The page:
Are you looking for a global learning case study?

Posted in: Comment, News and Updates

Well, if you are, and you are open-minded about globalisation, and want to help your students be the same, you might well look at this week’s Schumpter column in The Economist.  But, if you’re not, and you want youngsters to share your view that capitalism and international trade are the intertwined roots of all our difficulties, then don’t bother, as there’s nothing there for your comfort.

The feature of the column this week is Kenya’s international flower business which now reaches from “from seed to cellophane”, and is worth over $3 billion to the Kenyan economy, directly employing around 4.5 million people.  Of late, this has been faced with two seemingly contradictory demands from western consumers and their moral guardians: increasing demands for better value for money, and for more corporate social responsibility.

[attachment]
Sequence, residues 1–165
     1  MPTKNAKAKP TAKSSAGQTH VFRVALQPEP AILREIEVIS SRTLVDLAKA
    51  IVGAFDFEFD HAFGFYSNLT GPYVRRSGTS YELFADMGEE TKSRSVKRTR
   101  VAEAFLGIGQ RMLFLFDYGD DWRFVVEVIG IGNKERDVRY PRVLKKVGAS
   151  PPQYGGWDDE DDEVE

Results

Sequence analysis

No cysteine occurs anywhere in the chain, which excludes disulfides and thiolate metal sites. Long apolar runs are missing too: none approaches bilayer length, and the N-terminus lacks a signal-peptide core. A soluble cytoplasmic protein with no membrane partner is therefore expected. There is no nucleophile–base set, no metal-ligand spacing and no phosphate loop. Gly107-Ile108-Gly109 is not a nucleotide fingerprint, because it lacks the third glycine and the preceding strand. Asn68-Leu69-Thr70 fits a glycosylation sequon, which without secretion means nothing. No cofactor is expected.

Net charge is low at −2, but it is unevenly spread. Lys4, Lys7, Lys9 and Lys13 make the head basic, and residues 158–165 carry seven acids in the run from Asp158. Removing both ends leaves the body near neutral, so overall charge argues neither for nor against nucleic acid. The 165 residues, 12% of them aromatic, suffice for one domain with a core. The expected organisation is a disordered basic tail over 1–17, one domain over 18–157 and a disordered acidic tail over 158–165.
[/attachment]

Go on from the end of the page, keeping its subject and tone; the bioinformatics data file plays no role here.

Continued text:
I won’t go into all the rich detail in the column about the innovation that such western pressures result in, which you can read about here, but it is worth repeating the last couple of sentences:

"… the most interesting thing about the industry is the way that it is shaking up ideological certainties.  The West’s demand that companies be good citizens is confounding many on the left by consolidating more power in the hands of giant agribusinesses.  At the same time it is confounding many on the right: far from choking enterprise, it is encouraging firms to become more productive and innovative."

For me, this makes the story an ideal one from an open-minded, ESD2-type, educational perspective, as it's about the real economy and people's livelihoods, both here and in East Africa, and it raises lots of issues, both moral and economic to chew (or choke) on, according to your inclination.

Posted in: Comment, News and Updates


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